Guardians of the North to visit Isle of Wight: Train as a decoy to catch out UK paedophiles

Do you want to help catch UK paedophiles? Over 150 Isle of Wight residents have already said they’d like to help national paedophile hunters. There’s a meeting next week to find out more. OnTheWight also has the reaction from the Police.

teens on mobile

Over 150 residents have expressed an interest in finding out more about the work of Guardians of the North – a padeophile hunters group – who’ll be holding a meeting on the Isle of Wight next week.

Set up in April 2016, the group say they’ve caught, on average, three paedophiles a week across the country. Many Islanders have expressed an interest in being trained become a decoy for the group.

The problem
It’s a sad fact that there are sick individuals who use the Internet to try to exploit young people for their own gratification.

Some get them to take photographs of themselves, then use these images to blackmail the youngsters to carry out other acts.

Decoys can help catch these people – or better still, stop them trying in the first place (as they wouldn’t know whether it was a child or someone trying to catch them).

How the decoys work
Founder, Joe Jones, will be heading to the Island from the north of England to talk about how his group operates and provide insight for parents and grandparents about how their children can remain safe online.

Guardians of the North (GOTN) operate by setting up decoy accounts on social media posing as young people aged between 11-15 years old. They say they never initiate contact directly and always explain their age to whoever is chatting to them online in the first stages of contact.

Joe said the support from those on the Isle of Wight had been “amazing” and is looking forward to meeting them on Saturday 18th (from 4pm) at Aspire in Ryde.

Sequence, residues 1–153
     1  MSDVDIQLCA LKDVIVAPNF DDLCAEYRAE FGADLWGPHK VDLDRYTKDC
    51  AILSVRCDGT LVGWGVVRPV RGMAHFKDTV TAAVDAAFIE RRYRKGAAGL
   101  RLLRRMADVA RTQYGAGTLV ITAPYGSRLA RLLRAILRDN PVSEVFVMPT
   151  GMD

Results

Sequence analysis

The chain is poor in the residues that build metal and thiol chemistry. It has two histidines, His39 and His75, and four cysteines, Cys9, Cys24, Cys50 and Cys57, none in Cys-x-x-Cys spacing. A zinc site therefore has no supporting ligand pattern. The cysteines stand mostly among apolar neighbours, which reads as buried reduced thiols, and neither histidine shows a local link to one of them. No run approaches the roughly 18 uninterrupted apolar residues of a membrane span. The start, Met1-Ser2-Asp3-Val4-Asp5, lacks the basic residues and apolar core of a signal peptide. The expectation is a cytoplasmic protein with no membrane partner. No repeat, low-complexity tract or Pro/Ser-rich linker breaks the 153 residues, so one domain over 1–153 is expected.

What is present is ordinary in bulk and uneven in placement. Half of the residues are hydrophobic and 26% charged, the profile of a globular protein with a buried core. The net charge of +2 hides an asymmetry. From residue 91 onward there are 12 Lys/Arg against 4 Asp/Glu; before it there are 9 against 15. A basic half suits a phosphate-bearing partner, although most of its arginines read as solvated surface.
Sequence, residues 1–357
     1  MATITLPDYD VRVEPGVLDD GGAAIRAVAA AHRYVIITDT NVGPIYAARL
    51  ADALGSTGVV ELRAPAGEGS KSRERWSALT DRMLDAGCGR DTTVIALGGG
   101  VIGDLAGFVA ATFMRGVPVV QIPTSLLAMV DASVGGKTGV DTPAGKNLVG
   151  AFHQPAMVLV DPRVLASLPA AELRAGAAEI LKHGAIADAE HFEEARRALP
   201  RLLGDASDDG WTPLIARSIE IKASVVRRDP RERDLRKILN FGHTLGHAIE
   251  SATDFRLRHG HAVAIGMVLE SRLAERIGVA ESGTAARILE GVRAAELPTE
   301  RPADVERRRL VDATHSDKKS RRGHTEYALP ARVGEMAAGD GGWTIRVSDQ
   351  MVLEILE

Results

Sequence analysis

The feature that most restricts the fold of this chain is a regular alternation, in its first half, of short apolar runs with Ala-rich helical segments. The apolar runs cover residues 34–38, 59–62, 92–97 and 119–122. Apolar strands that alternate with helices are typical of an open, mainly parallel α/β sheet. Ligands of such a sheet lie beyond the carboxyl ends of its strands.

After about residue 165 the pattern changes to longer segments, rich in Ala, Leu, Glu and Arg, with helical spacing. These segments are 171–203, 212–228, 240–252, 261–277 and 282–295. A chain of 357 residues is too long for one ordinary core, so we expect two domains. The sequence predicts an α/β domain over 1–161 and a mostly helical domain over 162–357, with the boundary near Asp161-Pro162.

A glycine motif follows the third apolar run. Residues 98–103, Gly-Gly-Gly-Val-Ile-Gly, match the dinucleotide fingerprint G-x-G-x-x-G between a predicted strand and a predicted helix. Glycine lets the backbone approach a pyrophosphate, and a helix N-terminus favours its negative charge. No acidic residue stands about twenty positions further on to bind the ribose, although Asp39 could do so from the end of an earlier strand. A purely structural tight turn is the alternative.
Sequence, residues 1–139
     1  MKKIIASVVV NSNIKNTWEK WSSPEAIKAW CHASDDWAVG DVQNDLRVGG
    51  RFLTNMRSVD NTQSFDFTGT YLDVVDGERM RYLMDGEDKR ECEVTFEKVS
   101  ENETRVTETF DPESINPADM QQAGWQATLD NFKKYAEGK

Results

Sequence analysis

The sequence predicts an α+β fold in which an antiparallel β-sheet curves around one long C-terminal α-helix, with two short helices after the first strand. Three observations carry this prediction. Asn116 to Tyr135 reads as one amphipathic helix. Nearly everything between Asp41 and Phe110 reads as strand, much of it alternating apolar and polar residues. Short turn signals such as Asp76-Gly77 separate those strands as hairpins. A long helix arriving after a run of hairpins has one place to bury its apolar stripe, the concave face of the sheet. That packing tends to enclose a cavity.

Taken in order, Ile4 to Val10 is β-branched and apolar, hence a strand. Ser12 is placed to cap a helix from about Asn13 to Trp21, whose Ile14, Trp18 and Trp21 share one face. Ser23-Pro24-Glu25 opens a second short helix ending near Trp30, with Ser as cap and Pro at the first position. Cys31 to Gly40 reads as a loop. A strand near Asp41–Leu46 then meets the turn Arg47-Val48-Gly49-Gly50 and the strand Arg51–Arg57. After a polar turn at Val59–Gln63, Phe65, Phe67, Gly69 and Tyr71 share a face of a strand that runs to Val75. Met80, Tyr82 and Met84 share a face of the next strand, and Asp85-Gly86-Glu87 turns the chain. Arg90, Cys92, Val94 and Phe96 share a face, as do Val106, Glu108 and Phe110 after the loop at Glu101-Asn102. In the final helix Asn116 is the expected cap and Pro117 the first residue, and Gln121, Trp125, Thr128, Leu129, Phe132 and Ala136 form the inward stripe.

Gathering evidence for successful prosecutions
Unlike some paedophile hunter groups, GOTN do not live broadcast their sting operations, instead gathering all relevant information and video footage, which they pass onto the police to ensure a successful prosecution.

Only once someone has been found guilty in court do they release details, photos or video footage.

The Guardians of the North Website explains,

“The Guardians offer their service and continue their work because the Police Forces are so stretched and so underfunded that they cannot realistically pay decoys to do what the Guardians do.”

IW Police: “Inappropriate” for us to attend meeting
Isle of Wight police say it would be inappropriate for them to attend the meeting organised by who they refer to as the “so-called ‘paedophile hunter’ group”.

They encourage residents with any concerns that a child may be involved in child sexual exploitation to call them on 101.

Isle of Wight District Commander, Supt Sarah Jackson said:

“We are aware of a community meeting on the Isle of Wight being proposed by a group called Guardians of the North.

“Our position on ‘paedophile hunter’ groups is in keeping with the national guidance which was set by ACPO (now the NPCC) and the National Crime Agency’s Child Exploitation and Online Protection Command.

“We understand the public’s desire to protect their children from online abuse, but we do not promote action by these kinds of groups. There are risks with such groups compromising ongoing police investigations. However we will consider any evidence presented to us and reiterate our absolute commitment to identifying and prosecuting those who abuse and exploit children. Our attendance at this meeting organised to promote the work of ‘paedophile hunters’ would not by appropriate. If members of our local community have questions or concerns about this type of activity we are happy to meet with these residents separately to discuss concerns.

“The Isle of Wight remains a safe place to live and work and a great deal of work continues to protect victims and identify offenders in relation to child sexual exploitation (CSE). These include Operation Makesafe which was launched in March 2016. Our neighbourhood policing teams have been training members of staff employed as taxi drivers, hoteliers, at children’s care homes, and in pubs to encourage them to identify the signs of CSE and have provided clarity around reporting pathways.

“If you are concerned that a child may be involved in child sexual exploitation or if you believe a person may be sexually exploiting a child please call us on 101 quoting ‘CSE Help Me’, alternatively call Crimestoppers anonymously on 0800 555 111”.

Image: intelfreepress under CC BY 2.0

Friday, 10th November, 2017 5:06pm



Filed under: Island-wide, Isle of Wight News, Police, Top story, What's On

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While I hate the idea of these paedophile hunter groups, I can appreciate the circumstances under which they have arisen.

I know, and know of, children who have been “groomed” online. The response from the Police in each case was lacklustre at best.